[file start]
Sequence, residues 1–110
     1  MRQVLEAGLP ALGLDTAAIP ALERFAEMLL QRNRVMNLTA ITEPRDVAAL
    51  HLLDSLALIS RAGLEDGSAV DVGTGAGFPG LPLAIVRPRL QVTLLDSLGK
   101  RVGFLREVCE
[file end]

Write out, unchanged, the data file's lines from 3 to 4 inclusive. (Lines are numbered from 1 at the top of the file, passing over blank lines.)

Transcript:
    51  HLLDSLALIS RAGLEDGSAV DVGTGAGFPG LPLAIVRPRL QVTLLDSLGK
   101  RVGFLREVCE